Meriel Buchanan wrote an account of the circumstances surrounding Elisabeth's death. Of course, she wasn't in Poland, but because of her father's position in Hesse and later in Russia, she knew Ducky and Ernie quite well. I think her mother was quite a good friend of Ducky's during her Darmstadt years. Anyway -- in MB's there doesn't seem to have been any rancor from Ducky over "not being called in time."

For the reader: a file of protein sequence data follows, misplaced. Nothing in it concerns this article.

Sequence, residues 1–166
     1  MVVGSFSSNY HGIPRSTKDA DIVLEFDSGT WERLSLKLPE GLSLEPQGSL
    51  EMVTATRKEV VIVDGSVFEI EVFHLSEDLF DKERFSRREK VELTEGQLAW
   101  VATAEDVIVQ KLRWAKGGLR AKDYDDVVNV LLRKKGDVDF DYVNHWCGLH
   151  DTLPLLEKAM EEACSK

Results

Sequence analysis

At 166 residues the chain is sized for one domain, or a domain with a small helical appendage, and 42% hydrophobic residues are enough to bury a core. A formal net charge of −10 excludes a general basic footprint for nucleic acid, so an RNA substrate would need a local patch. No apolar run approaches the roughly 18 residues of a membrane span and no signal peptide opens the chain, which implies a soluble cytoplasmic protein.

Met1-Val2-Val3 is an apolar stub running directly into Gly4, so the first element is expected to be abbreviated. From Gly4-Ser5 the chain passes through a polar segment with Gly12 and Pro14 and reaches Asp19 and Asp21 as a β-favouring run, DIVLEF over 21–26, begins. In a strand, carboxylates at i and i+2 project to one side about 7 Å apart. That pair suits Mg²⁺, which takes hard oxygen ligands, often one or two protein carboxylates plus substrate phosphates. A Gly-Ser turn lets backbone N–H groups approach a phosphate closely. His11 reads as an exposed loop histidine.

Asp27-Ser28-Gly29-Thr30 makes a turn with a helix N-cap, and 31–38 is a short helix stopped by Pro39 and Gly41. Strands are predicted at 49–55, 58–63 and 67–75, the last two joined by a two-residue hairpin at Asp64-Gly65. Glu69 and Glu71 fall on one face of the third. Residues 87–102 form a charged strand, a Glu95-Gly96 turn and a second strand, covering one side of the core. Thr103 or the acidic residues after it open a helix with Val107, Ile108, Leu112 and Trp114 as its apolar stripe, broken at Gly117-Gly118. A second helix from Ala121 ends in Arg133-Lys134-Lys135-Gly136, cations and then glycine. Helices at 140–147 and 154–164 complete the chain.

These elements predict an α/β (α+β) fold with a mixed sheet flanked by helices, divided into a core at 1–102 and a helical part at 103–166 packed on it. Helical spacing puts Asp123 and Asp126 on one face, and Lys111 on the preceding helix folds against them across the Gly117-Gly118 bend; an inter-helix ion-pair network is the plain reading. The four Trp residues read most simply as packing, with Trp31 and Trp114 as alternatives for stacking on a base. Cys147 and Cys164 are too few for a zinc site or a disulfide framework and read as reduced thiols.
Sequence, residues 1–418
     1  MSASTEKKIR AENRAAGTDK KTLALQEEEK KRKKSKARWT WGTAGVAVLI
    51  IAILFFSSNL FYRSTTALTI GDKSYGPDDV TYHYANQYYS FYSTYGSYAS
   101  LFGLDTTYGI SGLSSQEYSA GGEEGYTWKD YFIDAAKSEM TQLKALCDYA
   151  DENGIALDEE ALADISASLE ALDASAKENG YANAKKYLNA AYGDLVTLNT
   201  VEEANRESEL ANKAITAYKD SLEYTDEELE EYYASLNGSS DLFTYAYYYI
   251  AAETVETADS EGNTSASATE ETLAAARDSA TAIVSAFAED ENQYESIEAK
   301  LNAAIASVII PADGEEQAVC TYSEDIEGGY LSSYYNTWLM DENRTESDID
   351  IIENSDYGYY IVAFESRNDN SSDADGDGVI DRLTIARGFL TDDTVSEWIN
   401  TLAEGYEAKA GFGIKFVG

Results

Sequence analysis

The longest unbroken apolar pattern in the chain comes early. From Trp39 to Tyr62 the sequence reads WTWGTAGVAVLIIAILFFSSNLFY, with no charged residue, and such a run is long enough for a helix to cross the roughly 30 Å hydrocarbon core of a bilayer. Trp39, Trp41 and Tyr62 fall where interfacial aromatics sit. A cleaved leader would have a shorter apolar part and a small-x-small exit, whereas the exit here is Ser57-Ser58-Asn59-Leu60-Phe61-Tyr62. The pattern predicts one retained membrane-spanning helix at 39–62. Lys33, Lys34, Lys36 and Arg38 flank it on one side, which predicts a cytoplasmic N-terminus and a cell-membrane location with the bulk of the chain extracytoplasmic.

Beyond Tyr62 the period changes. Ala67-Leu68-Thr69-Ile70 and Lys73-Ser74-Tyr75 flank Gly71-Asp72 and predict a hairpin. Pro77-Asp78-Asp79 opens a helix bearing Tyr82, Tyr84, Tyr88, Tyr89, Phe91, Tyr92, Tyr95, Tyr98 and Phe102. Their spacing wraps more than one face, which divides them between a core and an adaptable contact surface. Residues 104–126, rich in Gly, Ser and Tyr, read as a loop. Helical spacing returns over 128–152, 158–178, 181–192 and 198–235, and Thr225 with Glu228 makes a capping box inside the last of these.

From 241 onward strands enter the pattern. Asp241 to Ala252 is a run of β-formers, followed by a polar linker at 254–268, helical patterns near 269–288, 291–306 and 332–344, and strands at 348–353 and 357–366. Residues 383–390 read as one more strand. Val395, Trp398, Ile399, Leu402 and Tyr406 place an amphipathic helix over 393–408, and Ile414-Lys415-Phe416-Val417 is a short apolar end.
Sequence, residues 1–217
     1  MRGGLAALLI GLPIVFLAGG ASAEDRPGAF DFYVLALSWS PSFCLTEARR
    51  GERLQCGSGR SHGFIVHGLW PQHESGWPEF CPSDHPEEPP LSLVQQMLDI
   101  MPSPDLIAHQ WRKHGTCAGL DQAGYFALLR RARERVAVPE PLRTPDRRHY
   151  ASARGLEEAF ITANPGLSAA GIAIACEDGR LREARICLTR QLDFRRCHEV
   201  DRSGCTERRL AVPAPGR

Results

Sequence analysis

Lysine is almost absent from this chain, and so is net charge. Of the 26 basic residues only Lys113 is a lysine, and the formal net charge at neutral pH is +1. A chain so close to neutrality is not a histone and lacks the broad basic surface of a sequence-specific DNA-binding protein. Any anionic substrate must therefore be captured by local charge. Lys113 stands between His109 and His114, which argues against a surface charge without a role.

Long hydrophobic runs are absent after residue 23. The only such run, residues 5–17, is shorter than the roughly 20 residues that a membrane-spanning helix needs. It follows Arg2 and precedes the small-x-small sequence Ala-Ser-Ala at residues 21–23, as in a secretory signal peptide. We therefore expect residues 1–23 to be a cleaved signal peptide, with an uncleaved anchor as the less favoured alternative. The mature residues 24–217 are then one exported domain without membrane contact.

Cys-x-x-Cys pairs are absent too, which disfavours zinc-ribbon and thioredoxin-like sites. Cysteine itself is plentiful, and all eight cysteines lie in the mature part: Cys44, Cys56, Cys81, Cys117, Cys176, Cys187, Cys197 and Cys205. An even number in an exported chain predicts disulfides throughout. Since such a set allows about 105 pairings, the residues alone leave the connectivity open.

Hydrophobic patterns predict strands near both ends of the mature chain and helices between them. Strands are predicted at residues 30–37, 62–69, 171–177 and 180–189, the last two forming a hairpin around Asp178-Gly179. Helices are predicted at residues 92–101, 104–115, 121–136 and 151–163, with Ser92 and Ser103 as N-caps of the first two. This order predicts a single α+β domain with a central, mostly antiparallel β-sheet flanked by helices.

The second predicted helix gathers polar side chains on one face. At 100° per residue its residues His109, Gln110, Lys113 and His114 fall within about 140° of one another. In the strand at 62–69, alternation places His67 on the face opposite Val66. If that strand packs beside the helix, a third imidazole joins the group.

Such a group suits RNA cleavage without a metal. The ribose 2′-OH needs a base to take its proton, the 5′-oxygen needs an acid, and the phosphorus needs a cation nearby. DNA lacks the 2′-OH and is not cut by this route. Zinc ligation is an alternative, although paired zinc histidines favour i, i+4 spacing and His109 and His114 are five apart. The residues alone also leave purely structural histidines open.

And Miss Eagar herself -- who WAS there at Elizabeth's bedside -- left an extensive memoir of the time, including the fact that no-one knew quite what was the matter with Elizabeth. She woke up the morning after Olga's birthday with a sore throat, but soon felt better. So she got up and dressed, and then felt ill again. So the doctor was called, and nothing more than the effects of the previous day's excitement was suspected. So she spent the day in bed, and seemed fine when her father and Alexandra came to see her in the evening. So the grown-ups went out to see a play. It was only on their return that things took a turn for the worse: The theater party went to see the children and visited for a while. Elizabeth was standing on her bed, and then suddenly fell unconscious -- this was when it became obvious that something more serious than excitement was going on. Elizabeth received caffeine injections to revive her, and a local specialist was called in. It was in the very early hours of the morning that Ducky was sent for -- allegedly, according to Miss Eagar, after Elizabeth asked for her, though this might be a piece of dramatic embroidery on Miss Eagar's part because she claims that Elizabeth knew she was dying -- and the telegram reached her at breakfast. So there was no delay in sending for Ducky. Not more than three or four hours could have passed from the return of the theater party and the sending of the telegram, which may itself have been delayed here and there, because some telegraph offices closed overnight.